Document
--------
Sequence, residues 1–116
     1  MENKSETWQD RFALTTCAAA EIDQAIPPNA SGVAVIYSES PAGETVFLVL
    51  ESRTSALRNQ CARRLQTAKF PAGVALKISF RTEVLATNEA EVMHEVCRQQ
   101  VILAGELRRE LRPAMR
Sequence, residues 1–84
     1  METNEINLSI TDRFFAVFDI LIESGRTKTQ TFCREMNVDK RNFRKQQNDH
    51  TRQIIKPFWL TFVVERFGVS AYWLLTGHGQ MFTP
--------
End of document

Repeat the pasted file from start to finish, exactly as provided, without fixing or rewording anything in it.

Sequence, residues 1–116
     1  MENKSETWQD RFALTTCAAA EIDQAIPPNA SGVAVIYSES PAGETVFLVL
    51  ESRTSALRNQ CARRLQTAKF PAGVALKISF RTEVLATNEA EVMHEVCRQQ
   101  VILAGELRRE LRPAMR
Sequence, residues 1–84
     1  METNEINLSI TDRFFAVFDI LIESGRTKTQ TFCREMNVDK RNFRKQQNDH
    51  TRQIIKPFWL TFVVERFGVS AYWLLTGHGQ MFTP